5 Steps to the Perfect Elevator Pitch

The last time I was in Seattle for SEO training, I was walking back to my hotel room after dinner when I was stopped by a homeless man. He was sitting outside my hotel and struck up a conversation. He was homeless but not hopeless. He prided himself on his musical talent and his unique songs on YouTube. I was immediately intrigued and wanted to hear more. He proceeded to inform me that he has two years worth of daily uploads to YouTube and how to Google his somewhat common name to be sure I saw all of them. I handed him my leftover dinner since it was likely headed for the trash and we parted ways.

The following day, I tried to look him up on YouTube to hear his unique music and see his accomplishments. I only remembered part of his name and couldn’t find him online so I waited until dinner time and went searching for him. He was in the same place as the night before and recognized me as I approached him. I asked for his name again and wrote it down. I handed him the $7.00 I had in my pocket and wished him well.

When I pulled him up on YouTube, I saw several videos of him working his magic on his homemade instrument and discovered that he writes his own lyrics. His music is truly unique and his style is surprisingly confident for a man down on his luck. You’ll have to take a few minutes and check him out for yourself.

Glen (Pops) Freeman a.k.a. Glenn (Pops) Freeman

How does your elevator pitch compare to Glen’s? Do you intrigue strangers immediately? Do you get people asking for more information after your pitch? Do they follow up and Google your name to experience or purchase your product? Do they blog about you?

To loop back to the basics and renew your elevator pitch, the following steps will be helpful to get you there:

  1. Define your goals – when you sit around dreaming about getting a break, what do you want that break to ultimately get you?
  2. Know your audience – pitching the wrong people is a waste of time. Put yourself in front of your ideal audience but don’t be afraid to practice on anybody.
  3. Intrigue people – you care about and understand your product but strangers need a reason to pay attention.
  4. Be consistent – make sure you’re consistent in delivering your message, filling in the pitch with additional information where necessary, follow up on the message you’ve presented, make sure the experience is the one you’ve described.
  5. Be ready to close – after all, your pitch is a means to an end so be ready to give them more information and potentially get the sale.

Once your elevator pitch is complete, try it out on a few people. Review their feedback and make any adjustments that will improve it. Then repeat.

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12 Comments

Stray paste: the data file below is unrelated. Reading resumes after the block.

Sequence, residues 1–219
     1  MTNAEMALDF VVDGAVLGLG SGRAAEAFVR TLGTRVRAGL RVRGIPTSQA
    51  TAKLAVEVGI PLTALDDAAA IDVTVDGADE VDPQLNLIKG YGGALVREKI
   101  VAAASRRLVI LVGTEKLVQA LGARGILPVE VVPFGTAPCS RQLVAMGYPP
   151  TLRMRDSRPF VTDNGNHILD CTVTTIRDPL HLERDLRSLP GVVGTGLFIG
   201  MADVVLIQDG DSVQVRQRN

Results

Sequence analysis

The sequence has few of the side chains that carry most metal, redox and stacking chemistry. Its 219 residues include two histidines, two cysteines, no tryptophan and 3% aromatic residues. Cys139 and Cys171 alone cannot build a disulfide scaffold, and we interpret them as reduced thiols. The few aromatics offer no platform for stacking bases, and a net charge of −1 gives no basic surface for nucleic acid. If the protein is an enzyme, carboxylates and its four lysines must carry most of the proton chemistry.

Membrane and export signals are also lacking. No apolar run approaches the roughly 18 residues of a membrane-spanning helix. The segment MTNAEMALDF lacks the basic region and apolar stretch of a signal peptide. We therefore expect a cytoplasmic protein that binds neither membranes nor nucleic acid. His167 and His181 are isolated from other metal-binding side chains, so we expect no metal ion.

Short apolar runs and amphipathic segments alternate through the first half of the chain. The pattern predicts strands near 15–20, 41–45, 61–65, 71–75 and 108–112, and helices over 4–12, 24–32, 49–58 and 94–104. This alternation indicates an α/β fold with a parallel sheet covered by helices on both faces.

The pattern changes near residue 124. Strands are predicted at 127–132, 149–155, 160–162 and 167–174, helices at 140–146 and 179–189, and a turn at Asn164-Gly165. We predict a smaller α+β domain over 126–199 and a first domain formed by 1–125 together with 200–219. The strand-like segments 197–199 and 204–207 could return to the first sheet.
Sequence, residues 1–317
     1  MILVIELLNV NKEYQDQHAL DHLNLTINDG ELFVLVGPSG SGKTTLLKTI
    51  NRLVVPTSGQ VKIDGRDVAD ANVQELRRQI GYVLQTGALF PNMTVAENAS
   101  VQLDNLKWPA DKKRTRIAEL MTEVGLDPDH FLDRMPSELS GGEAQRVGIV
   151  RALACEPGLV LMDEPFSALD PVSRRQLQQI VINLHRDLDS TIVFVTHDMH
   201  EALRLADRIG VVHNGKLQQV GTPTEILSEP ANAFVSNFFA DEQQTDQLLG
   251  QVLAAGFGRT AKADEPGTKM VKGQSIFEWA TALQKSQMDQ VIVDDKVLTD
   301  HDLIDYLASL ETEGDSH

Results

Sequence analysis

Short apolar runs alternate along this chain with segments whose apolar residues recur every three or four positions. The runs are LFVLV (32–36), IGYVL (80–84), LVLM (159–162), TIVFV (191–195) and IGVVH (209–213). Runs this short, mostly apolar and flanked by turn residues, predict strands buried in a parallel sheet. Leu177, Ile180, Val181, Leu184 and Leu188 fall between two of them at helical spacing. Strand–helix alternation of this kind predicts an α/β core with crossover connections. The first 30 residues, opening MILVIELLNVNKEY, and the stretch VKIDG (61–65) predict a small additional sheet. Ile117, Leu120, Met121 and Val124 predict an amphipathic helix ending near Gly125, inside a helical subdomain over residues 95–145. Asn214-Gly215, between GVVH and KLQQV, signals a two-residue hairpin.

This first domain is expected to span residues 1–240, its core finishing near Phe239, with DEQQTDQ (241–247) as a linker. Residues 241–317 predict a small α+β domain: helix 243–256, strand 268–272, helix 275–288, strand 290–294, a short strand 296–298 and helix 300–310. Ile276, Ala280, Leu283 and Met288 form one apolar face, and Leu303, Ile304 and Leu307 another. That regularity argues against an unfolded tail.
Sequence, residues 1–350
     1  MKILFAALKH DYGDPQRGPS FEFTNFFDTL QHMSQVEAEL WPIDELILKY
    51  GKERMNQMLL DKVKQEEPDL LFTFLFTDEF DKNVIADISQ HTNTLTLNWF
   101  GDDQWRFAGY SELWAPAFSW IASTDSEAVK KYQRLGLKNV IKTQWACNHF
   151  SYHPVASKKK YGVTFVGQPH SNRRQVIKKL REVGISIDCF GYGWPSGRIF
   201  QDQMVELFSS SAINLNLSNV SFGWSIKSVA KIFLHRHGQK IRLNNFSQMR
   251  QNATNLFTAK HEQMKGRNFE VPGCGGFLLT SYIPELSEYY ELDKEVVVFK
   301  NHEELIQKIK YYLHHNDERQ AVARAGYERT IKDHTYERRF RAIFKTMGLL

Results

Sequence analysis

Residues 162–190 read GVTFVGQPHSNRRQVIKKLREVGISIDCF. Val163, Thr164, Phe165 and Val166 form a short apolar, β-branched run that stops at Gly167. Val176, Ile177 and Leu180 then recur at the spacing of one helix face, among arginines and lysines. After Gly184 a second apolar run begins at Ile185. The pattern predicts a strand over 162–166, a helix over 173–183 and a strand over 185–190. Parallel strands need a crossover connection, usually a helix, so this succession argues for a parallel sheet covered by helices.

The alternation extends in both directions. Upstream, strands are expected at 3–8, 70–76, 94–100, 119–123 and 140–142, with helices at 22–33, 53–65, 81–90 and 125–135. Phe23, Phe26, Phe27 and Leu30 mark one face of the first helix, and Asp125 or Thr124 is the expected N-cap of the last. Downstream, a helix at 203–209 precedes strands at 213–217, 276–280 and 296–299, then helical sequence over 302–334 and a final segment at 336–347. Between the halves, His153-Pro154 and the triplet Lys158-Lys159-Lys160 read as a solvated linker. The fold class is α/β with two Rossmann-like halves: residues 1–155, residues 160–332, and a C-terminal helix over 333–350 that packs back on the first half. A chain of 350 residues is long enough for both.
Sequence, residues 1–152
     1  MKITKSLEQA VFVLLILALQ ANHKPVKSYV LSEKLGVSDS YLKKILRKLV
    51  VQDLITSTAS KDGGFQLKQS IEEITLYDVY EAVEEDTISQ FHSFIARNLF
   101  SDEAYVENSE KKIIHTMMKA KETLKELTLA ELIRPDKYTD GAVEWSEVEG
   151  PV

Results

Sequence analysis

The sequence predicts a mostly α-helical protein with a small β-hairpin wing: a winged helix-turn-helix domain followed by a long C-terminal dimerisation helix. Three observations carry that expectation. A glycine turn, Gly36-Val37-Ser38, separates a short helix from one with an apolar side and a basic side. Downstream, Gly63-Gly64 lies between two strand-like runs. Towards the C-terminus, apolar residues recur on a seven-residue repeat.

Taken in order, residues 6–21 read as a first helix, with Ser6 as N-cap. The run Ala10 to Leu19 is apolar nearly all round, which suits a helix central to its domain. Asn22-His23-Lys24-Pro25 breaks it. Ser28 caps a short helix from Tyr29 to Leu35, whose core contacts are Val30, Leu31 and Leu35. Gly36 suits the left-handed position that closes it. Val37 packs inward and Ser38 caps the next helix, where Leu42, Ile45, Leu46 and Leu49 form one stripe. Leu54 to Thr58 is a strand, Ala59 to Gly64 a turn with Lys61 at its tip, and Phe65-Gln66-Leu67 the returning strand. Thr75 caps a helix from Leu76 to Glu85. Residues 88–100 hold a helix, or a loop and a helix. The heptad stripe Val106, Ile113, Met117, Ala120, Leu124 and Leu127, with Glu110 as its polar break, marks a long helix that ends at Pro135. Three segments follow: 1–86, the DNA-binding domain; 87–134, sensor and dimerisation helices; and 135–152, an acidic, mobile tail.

1. Gabe Cruz (@itdnext) says

    How do you balance the need to practice and even by doing so discovering the optimal audience with protecting the idea? (I’m a little stuck with finding that balance.) Thx!

  2. Cary Snowden says

    Great post, Ash; I enjoyed the story, the music, and the advice.

    I would add: Keep it short, simple and to the point. An elevator pitch is designed to be delivered ‘between the first and second floor’ in an elevator. This is one of my toughest things to conquer because I love to talk about my business, and it is hard to answer the question ‘What do you do?’ in less than 10 minutes.

    Thanks for reminding me that I have to work on it.

  3. Lori Gilson says

    Love this post, Ash. Such a great example of how beneficial a quick elevator speech can be.

    Who knew that by talking to you for a few minutes, Glen (Pops) Freeman would end up with (another) top Google listing? I quickly searched for him on Google, and he owns the first page. It shows how powerful word-of-mouth and social marketing can be. Kudos to him!

  4. David Scoville says

    I like that guy. I always enjoy associating with street artists.

    Thanks for some important details about the “pitch.”

    It also poses the question: Does constantly giving the pitch hold one back from forming longer term, more genuine relationships?

  5. junaid riaz says

    I recently had my website PR degraded from 1 to 0. It has just crept up to 1 only a couple of months back.
    I don’t think any of the backlinks was removed.
    However, I was trying Google website optimiser with my homepage to reduce the high (>40%) bounce rates.
    Do you think you see any mistakes on my part?

  6. Aaron says

    Great tips, i love learning new info about SEO and PR. Its a never ending process, and there is always something new to learn.
    Thanks for taking the time to post.

  7. Kim says

    I met Glen Pops Freeman this past week while in Seattle. He has an amazing spirit. He said his wife and kids were recently killed in a car crash. As a homeless person (he said the YMCA helps him), he doesn’t ask for anything from you. He simply wants to share his music. However, he will take money if offered, as I did. He made my Seattle experience memorable. Thanks for doing this piece on him.

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